PiaNOLA

  • 2008
  • PiaNOLA
  • Henry Butler
  • Basin Street Records

Description

Uprooted from the Big Easy in 2005 after the loss of his home to the ravages of Hurricane Katrina, dazzling pianist Henry Butler obviously left his heart in New Orleans. PiaNOLA is a compilation of New Orleans-based tunes dating from the mid-1980s to the present, recorded at various locales. Butler’s own compositions are teamed with classics penned by Alvin Batiste, Billy Preston, Allen Toussaint, and “Fess” himself, Professor Longhair (Henry Roeland Byrd).

The quality is uniformly high. Butler is one of those artists whose enthusiasm is pervasive and undeniable. He just sounds like he’s having a great time. Innovation as well as technique are his distinguishing characteristics; like a great actor, what he does is often startling and unexpected, yet completely appropriate and revelatory. He lives in the area where talent borders on genius. His left and right hands perform independent but congruent dances, and the music soars.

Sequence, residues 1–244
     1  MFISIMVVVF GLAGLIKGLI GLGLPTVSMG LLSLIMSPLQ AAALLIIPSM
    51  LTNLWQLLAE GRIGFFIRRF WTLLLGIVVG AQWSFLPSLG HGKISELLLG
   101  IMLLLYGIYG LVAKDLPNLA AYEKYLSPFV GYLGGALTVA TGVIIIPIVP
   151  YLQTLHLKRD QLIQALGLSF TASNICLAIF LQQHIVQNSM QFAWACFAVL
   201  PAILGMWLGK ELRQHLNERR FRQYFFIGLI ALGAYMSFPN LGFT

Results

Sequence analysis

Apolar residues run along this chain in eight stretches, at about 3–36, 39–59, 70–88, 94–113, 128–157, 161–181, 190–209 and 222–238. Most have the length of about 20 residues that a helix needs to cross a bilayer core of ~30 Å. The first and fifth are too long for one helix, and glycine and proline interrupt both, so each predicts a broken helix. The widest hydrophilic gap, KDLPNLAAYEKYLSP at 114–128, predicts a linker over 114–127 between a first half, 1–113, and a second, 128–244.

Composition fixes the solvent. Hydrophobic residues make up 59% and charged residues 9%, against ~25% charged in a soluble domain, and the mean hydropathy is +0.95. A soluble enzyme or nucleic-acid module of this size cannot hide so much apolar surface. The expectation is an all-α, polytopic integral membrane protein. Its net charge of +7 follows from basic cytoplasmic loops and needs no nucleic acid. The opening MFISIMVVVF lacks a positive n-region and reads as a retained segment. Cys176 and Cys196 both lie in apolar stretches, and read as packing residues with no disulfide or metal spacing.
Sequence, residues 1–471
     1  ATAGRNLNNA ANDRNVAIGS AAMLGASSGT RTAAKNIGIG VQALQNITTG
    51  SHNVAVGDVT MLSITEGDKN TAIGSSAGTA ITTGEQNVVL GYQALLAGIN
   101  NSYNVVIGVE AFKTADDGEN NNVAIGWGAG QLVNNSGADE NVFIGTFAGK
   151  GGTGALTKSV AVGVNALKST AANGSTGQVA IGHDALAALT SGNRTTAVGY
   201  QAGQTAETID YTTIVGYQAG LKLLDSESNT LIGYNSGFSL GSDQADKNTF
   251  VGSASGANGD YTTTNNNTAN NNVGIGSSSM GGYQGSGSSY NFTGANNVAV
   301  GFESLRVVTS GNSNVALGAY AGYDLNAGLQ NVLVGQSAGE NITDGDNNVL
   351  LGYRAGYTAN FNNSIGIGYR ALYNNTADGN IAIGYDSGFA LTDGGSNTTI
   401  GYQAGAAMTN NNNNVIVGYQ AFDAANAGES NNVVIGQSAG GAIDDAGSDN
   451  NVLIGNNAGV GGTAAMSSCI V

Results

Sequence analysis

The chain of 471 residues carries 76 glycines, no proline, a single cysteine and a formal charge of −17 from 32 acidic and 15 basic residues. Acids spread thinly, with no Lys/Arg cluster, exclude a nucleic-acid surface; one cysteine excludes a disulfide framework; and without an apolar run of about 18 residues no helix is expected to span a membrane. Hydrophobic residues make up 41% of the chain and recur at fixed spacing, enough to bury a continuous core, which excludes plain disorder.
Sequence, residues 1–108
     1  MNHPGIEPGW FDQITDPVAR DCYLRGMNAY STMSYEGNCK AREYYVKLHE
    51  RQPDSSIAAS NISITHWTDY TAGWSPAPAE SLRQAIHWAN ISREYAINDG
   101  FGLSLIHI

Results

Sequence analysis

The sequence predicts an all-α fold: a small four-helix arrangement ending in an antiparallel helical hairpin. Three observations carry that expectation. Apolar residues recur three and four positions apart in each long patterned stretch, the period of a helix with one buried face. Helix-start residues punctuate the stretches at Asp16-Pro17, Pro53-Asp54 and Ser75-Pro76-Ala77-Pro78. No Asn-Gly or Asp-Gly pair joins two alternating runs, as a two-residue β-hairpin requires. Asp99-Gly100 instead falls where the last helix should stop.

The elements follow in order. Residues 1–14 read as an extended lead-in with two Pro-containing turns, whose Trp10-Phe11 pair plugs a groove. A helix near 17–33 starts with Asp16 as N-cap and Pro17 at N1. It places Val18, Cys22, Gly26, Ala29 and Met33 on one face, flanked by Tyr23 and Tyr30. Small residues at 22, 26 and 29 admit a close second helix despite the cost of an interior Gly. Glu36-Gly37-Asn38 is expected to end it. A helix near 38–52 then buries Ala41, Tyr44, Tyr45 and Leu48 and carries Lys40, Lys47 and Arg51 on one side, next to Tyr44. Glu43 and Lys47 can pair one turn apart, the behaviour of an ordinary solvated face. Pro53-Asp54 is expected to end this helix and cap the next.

My personal favorites of the album are the slower songs, especially renditions of “You Are My Sunshine” and “Old Man River.” The high point arrives with Butler’s version of Fess’s classic, “Tipitina.” Don’t mess with that N.O. gem, you might think; nobody can or should challenge Fess’s original. Well, Butler’s nine minute homage to the Professor, featuring a myriad of tempo, chord, and lyric changes, is a beautiful leap of invention.

However, nobody is perfect, and Butler’s singing reveals limitations. Ranging from tenor to baritone, he prowls the octaves and reaches for emotions sometimes beyond his vocal prowess. When he is more subdued, especially on the slower ballads, he is more compelling. His version of “Dock of the Bay” is a noble effort, but makes poignant the loss of Otis Redding.

The CD clocks in at a hefty 65 minutes, with useful liner notes by Larry Blumenfeld and “song notes” by jazz and new age pianist George Winston, who co-produced the album with Butler. Well done!

[This review initially appeared on the BluesWax Web site.]